Fascinating article in The New Yorker on reading habits.
A recent study has shown a steep decline in literary reading among schoolchildren. No surprise. How do you fit reading into a busy schedule that involves TV, the internet, soccer practice, video games, homework and general nonchalance towards books?
Crain’s article starts with National Endowment Fund reports on the decline in reading, moves to neuroscience and a short history of the printed word and ends with the conclusion that a limited amount of tv can help academic scores but that overuse (and the general turn away from books and towards tv) will change (has already changed) the cultural landscape significantly and will alter our understanding of our world and each other.
It’s a long article but fascinating.
There’s no reason to think that reading and writing are about to become extinct, but some sociologists speculate that reading books for pleasure will one day be the province of a special “reading class,” much as it was before the arrival of mass literacy, in the second half of the nineteenth century. They warn that it probably won’t regain the prestige of exclusivity; it may just become “an increasingly arcane hobby.” Such a shift would change the texture of society. If one person decides to watch “The Sopranos” rather than to read Leonardo Sciascia’s novella “To Each His Own,” the culture goes on largely as before—both viewer and reader are entertaining themselves while learning something about the Mafia in the bargain. But if, over time, many people choose television over books, then a nation’s conversation with itself is likely to change. A reader learns about the world and imagines it differently from the way a viewer does; according to some experimental psychologists, a reader and a viewer even think differently. If the eclipse of reading continues, the alteration is likely to matter in ways that aren’t foreseeable.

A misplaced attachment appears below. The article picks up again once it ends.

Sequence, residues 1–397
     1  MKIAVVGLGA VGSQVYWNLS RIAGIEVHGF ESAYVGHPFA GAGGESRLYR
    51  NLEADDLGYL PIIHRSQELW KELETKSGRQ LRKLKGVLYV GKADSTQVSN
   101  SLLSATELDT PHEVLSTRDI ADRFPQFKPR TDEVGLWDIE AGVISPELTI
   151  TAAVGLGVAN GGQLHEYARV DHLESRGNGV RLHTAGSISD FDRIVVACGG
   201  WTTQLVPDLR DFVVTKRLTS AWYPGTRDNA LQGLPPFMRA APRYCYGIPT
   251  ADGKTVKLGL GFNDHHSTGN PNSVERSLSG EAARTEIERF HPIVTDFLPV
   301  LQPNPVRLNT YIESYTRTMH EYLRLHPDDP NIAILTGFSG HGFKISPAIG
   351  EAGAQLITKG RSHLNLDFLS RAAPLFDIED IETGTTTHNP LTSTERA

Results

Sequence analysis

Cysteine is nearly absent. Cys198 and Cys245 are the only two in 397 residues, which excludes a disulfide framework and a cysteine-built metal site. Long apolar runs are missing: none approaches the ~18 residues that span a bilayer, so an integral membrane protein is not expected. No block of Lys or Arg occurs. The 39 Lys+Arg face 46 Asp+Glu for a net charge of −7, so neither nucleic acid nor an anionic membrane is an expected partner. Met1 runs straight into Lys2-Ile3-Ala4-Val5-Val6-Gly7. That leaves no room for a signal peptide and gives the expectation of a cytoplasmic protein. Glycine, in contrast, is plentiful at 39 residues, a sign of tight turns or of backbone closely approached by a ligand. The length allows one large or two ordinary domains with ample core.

More bad news on the reading frontlines. “Canadian book readers fall behind U.S.: poll” by Misty Harris, CanWest News Service, published: Tuesday, January 01, 2008
Read the article.
According to a new Ipsos Reid survey, which was commissioned by CanWest News Service and Global Television, nearly a third of adults (31 per cent) across the country didn’t read a single book for pleasure in all of 2007. The discouraging figure puts Canadians four points behind the U.S., where an identical poll last August showed 27 per cent of Americans hadn’t picked up a book in the previous 12 months.
The good news is that the 69 per cent of Canadians who were reading in 2007 did so voraciously, with the average person in that group having dug into 20 books over the course of the year. The same number was true for Americans who had read at least one title in the previous 12 months.
I know I shouldn’t doubt this but are 69% really (on average) reading 20 books? That seems really high.